How to find sanity in a lockdown

Our movement practice certainly is not the most affected area of our lives by the pandemic.

However, the constant change in regulations and bans on public spaces surely has had its impact on what we can and can not do, and forced us to reorganise our lives on an adhoc basis.

Is movement practice something that needs to be addressed right away?

Probably not. 

When health and economic matters are at stake, there is a sense of survival which is triggered inside us and commands our attention and resourcefulness. 

In the hierarchy of needs, despite the unusual nature of the situation, this had me mused over where Movement really fits. 

To decipher this further, we can borrow some tools from the Eisenhower Matrix, that classifies tasks over two variables: importance and urgency.

My proposal is that, for most of us, our movement practice is not Urgent here, but important. 

Therefore, if we are lucky enough to fall back on our feet and deal with our Urgent and Important matters, we may find ourselves compromising on the non-urgent but important parts of our lives. 

It’s fine, we tell ourselves. 

So we don’t even start thinking about how this could be better. 

Social interactions are one example. We are assigned to residence, we revert to online zoom calls. Even in-between lockdowns, when public structures are open again, many of us don’t get the same amount of touch, closeness, affection, camaraderie than we used to. 

This is insidious – for the consequences may not be felt that straight away – after all, we can still “see” the people who matter to us. Yet, our needs for connection aren’t fully met and loneliness is knocking at the door before you know it.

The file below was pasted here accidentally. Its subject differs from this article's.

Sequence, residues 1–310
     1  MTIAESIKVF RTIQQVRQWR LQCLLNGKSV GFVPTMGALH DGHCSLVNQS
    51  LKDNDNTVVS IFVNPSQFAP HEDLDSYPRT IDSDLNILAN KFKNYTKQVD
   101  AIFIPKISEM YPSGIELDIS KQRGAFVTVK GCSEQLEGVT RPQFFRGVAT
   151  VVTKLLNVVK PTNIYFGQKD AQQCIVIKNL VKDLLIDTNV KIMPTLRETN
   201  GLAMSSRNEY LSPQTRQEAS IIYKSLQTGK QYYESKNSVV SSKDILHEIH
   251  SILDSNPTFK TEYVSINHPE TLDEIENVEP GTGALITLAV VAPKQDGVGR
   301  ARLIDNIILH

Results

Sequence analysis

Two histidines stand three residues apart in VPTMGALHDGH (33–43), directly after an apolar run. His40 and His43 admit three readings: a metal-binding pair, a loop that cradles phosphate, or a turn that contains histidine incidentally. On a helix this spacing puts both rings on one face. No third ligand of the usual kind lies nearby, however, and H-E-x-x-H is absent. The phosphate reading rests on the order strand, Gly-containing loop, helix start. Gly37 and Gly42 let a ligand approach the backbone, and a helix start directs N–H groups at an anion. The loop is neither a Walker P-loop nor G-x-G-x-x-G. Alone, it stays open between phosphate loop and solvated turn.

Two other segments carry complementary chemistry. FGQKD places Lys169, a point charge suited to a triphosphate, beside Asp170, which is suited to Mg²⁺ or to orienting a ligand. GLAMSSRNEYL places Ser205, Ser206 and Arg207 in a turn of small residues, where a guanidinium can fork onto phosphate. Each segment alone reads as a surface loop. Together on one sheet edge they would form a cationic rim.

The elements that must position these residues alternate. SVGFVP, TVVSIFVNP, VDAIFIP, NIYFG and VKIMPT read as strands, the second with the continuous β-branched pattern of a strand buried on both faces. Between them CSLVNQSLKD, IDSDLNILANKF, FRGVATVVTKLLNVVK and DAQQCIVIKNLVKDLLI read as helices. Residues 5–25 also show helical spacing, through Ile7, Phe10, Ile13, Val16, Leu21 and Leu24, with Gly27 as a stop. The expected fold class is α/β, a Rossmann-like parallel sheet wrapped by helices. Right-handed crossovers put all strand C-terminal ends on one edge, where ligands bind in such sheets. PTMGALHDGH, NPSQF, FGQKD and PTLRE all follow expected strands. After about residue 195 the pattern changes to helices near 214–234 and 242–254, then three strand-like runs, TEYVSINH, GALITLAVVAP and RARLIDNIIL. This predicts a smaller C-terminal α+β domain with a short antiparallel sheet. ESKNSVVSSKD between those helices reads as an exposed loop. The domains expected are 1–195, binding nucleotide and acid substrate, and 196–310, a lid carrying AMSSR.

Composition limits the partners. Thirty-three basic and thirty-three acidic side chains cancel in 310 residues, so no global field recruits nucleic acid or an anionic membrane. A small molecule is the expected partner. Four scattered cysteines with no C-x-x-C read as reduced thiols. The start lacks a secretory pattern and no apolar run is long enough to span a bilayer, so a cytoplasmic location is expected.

I’d suggest that something similar is happening with movement, and would like to ask you the following:

What needs aren’t been fully met and what exactly is knocking at the door?

Again, my intention is not to hierarchise these problems, more so to provide the fruit of my own thought process around this. 

If you are reading this email, chances are movement (yoga, dance, handbalancing, parkour and anything else that you are into) is a bigger part of your life than the average Joe and Jeanne. 

If most (or even some) of your friends are as much into it as you are, consider yourself lucky. 

It feeds and nourishes us somehow, and there is some interesting biology behind it which is another topic for another day.

My humble suggestion is for you to take a few minutes to wonder:

  • If your movement practices changes at all between strict lockdowns and less-severe lockdowns / normality. 

And, if so

  • How is this changing the nourishment you get out of your practice. 

I am stepping on eggshells, of course, because I want to be respectful of how much more serious this has gotten for some of us. 

I am, through this message, expressing the fruit of my own thought process, having struggled through it and seeing students and friends battle with it as well.

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